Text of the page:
Second is a mistaken understanding found among some karate practitioners. It is a view that does not see sente nashi as an attitude, but rather as a literal, behavioral rule to be rigidly followed. As noted above, when absolutely necessary, when one is already facing a battle, it is an accepted truth of strategy that one should try to take sensen no sen (8) and forestall the enemy’s actions.
In conclusion, the expression karate ni sente nashi should be properly understood to mean that a person who practices karate must never take a bellicose attitude, looking to cause an incident; he or she should always have the virtues of calmness, prudence and humility in dealing with others. (Mabuni and Nakasone 82-83) (9)
Examining the writing of Chojun Miyagi reveals little regarding his interpretation of the karate ni sente nashi maxim. Our look at the thoughts of two other legendary karate pioneers, though – Choki Motobu and Kenwa Mabuni – clearly shows that they strongly believed that striking first does not necessarily violate the sente nashi principle. Indeed, both men seem to have felt that a first strike is, under certain conditions, the only reasonable course of action for a karateka to take. It is interesting to note that, just as is true today, when Motobu and Mabuni were writing their books (in the 1930s), there were apparently those who viewed sente nashi as being a prohibition on striking first; both masters unambiguously condemn such literal interpretations.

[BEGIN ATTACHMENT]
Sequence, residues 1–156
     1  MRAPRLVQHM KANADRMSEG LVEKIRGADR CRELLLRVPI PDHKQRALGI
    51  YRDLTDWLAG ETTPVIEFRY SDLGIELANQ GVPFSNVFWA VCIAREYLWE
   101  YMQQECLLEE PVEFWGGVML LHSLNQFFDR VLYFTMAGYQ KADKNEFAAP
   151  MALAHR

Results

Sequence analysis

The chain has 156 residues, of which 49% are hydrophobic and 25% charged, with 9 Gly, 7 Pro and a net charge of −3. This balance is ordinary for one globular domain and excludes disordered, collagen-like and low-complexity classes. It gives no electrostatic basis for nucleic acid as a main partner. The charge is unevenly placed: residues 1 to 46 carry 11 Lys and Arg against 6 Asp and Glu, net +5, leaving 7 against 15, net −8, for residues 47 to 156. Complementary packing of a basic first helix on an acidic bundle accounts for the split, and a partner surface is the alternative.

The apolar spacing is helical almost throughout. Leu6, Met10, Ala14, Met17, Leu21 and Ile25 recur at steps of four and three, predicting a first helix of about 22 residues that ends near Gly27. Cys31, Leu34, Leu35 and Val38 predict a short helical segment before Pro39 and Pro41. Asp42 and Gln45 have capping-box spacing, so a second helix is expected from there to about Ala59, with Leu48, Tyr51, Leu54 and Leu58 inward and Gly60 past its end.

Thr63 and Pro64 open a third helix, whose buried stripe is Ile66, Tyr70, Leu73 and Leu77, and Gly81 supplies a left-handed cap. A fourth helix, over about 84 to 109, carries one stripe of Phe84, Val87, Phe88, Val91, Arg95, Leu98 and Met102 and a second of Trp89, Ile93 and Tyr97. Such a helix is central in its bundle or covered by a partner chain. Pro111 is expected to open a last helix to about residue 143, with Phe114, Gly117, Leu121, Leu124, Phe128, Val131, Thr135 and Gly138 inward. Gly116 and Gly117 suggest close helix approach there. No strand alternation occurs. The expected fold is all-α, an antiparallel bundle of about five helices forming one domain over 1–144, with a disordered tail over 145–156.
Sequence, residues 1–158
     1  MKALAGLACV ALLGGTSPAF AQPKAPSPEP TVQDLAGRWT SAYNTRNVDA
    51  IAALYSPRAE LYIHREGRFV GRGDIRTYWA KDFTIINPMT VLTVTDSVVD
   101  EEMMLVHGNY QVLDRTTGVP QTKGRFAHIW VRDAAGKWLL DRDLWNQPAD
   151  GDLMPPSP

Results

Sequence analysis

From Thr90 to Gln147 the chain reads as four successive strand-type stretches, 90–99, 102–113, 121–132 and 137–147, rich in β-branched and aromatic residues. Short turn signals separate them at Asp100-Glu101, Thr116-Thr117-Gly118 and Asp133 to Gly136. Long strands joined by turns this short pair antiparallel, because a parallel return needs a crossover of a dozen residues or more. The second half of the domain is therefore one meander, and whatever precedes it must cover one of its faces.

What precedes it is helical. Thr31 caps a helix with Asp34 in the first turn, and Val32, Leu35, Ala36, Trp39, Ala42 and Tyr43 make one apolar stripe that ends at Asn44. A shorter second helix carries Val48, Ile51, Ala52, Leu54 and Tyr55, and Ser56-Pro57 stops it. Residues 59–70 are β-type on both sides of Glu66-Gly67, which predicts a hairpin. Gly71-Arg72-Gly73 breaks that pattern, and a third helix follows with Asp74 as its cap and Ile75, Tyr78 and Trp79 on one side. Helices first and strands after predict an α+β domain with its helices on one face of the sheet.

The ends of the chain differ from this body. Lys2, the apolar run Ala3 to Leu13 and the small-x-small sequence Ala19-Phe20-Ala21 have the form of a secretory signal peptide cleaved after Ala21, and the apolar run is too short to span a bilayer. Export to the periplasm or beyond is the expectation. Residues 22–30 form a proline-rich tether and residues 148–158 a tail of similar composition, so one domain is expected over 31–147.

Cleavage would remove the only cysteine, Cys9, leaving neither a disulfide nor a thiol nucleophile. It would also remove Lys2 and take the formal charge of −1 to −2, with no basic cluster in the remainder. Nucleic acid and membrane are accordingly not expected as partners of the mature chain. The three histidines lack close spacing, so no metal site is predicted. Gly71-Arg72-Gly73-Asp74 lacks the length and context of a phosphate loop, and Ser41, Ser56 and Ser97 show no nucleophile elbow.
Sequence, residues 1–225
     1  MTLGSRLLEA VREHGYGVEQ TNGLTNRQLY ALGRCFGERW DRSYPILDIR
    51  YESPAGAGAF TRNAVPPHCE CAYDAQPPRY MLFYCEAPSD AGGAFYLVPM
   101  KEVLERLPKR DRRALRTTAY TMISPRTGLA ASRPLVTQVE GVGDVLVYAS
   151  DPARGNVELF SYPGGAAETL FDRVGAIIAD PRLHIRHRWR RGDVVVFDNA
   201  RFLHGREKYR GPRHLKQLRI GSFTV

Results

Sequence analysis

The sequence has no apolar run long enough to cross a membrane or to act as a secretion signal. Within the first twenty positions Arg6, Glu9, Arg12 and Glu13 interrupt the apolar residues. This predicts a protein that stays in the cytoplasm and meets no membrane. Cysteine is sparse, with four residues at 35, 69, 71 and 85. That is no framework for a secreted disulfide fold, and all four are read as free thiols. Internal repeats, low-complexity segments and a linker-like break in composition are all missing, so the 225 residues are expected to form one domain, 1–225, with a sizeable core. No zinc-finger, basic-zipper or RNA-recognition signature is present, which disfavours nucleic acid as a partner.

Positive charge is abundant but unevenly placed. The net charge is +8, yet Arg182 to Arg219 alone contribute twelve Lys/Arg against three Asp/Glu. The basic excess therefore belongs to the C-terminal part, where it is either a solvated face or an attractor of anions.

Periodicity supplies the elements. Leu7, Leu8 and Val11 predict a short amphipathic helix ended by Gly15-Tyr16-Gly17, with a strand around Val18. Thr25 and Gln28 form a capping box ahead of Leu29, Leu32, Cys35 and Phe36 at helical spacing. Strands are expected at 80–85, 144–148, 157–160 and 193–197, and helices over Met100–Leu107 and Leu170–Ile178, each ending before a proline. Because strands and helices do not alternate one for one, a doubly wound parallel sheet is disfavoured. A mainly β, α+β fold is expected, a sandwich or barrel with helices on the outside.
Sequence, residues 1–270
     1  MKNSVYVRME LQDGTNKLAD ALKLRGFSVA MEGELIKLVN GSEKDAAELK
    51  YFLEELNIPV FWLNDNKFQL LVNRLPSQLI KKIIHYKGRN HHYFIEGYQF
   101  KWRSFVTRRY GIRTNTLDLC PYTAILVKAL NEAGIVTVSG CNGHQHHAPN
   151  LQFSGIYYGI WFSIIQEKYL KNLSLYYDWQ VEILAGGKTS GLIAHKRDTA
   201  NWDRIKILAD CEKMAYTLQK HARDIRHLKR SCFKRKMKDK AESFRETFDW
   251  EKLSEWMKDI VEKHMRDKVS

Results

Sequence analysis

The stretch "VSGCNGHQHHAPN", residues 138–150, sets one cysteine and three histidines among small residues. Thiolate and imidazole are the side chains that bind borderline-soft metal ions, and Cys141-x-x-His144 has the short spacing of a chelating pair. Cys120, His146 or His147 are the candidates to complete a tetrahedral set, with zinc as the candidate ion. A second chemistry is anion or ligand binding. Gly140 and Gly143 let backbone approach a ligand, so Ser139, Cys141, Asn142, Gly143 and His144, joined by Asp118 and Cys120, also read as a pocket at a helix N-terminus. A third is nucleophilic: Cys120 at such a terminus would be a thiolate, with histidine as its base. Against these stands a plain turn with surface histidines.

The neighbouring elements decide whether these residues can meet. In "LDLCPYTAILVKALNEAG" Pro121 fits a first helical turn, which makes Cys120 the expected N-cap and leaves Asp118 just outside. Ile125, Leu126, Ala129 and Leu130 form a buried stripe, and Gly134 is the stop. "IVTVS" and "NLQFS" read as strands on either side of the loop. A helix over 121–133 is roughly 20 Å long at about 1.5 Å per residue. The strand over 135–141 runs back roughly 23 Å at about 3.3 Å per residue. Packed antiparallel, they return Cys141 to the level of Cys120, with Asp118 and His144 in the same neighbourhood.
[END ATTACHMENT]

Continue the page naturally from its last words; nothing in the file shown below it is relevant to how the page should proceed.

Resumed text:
Given his (assuming here for the purposes of discussion, well-deserved) reputation as somewhat of a ruffian who had more than his share of fights, one might argue, perhaps, that Choki Motobu’s views on the properness of striking first should be taken with a healthy dose of skepticism. What of Kenwa Mabuni and his views, though? In what light should we see them? According to McCarthy, Mabuni was “a staunch advocate of the moral values established to govern the behavior of karate-do practitioners” (McCarthy, “Standing” 34). If this is true, then one could hardly “explain away” Mabuni’s expressed willingness to strike first as the view of someone not particularly concerned with whether or not karate-ka behaved in a morally-proper manner. Apparently, when Mabuni (with Nakasone) stated that, “[. . .] when one is already facing a battle, it is an accepted truth of strategy that one should try to take sensen no sen and forestall the enemy’s actions,” he did so with complete awareness of the moral issues involved.
AcknowledgmentsThe author would like to express his heartfelt gratitude to his wife (and best friend), Yasuko Okane, and to his colleague and friend, Izumi Tanaka, for their patient Japanese language assistance. He would also like to thank leading karate researcher Joe Swift for his helpful email correspondence, and martial arts author Iain Abernethy for his kind help. Any and all errors are, of course, solely the fault of the author.
Translated by Aodhan and James M. Hatch
Sept. 12, 2020
Below is a translation of a newspaper article from the Kumamoto newspaper Kumamoto Daily News, first published in September 1973. In it, Chitose Sr talks about his life in karate and highlights some key events. The heavy lifting of the translation was done by my son Aodhan Hatch, with minor tweaks made by myself. Any mistakes will be a result of these tweaks and as such are my fault.